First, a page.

Gangs behind up to 80% of U.S. crime, yet gun ban lobby focuses on the law-abiding
By Chad D. Baus
Recently, USA Today reported that a gang threat assessment compiled by federal officials estimates that criminal gangs in the United States have swelled to an estimated 1 million members responsible for up to 80% of crimes in communities across the nation.
Meanwhile, the Brady Campaign Against Gun Violence has released its 2008 State Scorecards, which grade states on how they are regulating law-abiding citizens' Second Amendment rights, rather than criminals'.
The FBI's gang population estimate is up 200,000 since 2005. But Bruce Ferrell, chairman of the Midwest Gang Investigators Association, whose group monitors gang activity in 10 states, tells USA Today the number of gang members may be even higher than the report's estimate.
"We've seen an expansion for the last 10 years," says Ferrell, who has reviewed the report. "Each year, the numbers are moving forward."
From the story:
The report says about 900,000 gang members live "within local communities across the country," and about 147,000 are in U.S. prisons or jails.
"Most regions in the United States will experience increased gang membership … and increased gang-related criminal activity," the report concludes, citing a recent rise in gangs on the campuses of suburban and rural schools.
Among the report's other findings:
•Last year, 58% of state and local law enforcement agencies reported that criminal gangs were active in their jurisdictions, up from 45% in 2004.
•More gangs use the Internet, including encrypted e-mail, to recruit and to communicate with associates throughout the U.S. and other countries.
•Gangs, including outlaw motorcycle groups, "pose a growing threat" to law enforcement authorities along the U.S.-Canadian border. The U.S. groups are cooperating with Canadian gangs in various criminal enterprises, including drug smuggling.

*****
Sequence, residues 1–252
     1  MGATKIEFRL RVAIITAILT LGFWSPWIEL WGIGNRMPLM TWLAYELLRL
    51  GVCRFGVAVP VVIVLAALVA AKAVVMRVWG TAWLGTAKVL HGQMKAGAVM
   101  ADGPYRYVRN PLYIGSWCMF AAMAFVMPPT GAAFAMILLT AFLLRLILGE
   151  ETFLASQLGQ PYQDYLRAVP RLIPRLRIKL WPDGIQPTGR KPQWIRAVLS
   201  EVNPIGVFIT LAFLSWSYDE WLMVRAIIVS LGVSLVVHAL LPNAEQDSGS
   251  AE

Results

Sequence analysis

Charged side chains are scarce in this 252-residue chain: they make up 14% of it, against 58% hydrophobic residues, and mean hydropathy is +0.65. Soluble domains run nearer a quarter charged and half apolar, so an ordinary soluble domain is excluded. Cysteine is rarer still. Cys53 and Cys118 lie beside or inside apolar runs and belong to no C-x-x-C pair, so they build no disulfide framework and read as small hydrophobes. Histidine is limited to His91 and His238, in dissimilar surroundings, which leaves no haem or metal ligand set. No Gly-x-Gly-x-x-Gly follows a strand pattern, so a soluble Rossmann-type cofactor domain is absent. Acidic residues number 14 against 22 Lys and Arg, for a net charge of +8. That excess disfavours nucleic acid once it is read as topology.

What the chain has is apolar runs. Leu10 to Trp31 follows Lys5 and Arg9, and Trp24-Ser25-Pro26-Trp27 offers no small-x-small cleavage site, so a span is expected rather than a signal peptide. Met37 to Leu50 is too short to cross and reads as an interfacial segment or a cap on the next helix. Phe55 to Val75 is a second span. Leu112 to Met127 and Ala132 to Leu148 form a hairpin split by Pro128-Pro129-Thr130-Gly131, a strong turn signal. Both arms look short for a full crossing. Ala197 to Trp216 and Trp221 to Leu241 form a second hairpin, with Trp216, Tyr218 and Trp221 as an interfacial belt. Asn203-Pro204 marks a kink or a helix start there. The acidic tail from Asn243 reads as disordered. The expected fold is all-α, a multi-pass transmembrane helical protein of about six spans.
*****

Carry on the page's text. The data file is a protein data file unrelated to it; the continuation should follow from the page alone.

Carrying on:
Assistant FBI Director Kenneth Kaiser, the bureau's criminal division chief, told USA Today gangs have largely followed the migration paths of immigrant laborers.
He says the groups are moving to avoid the scrutiny of larger metropolitan police agencies in places such as Los Angeles. "These groups were hit hard in L.A." by law enforcement crackdowns, "but they are learning from it," Kaiser is quoted as saying.
The story goes on to say that one group that continues to spread despite law enforcement efforts is the violent Salvadoran gang known as MS-13.
Michael Sullivan, the departing director of the Bureau of Alcohol, Tobacco, Firearms and Explosives, told USA Today the gang's dependence on shocking violence to advance extortion, prostitution and other criminal enterprises has frustrated attempts to infiltrate and disrupt the insular group's activities.
"MS-13's foothold in the U.S. is expanding," Sullivan says.
MS-13 is the abbreviation for the gang also known as Mara Salvatrucha. The group gained national prominence in the 1980s in Los Angeles, where members were linked to incidents involving unusual brutality.
Since then, it has formed cells or "cliques" across the U.S., says Aaron Escorza, chief of the FBI's MS-13 National Gang Task Force.
The task force was launched in 2004 amid concerns about the gang's rapid spread.
Escorza told USA Today a "revolving door" on the border has kept the gang's numbers steady — about 10,000 in the U.S. — even as many illegal immigrant members are deported.
Escorza went on to say that the FBI, which has two agents in El Salvador to help identify and track members in Central America and the United States, plans to dispatch four more agents to Guatemala and Honduras.
"They evolve and adapt," he says. "They know what law enforcement is doing. Word of mouth spreads quickly."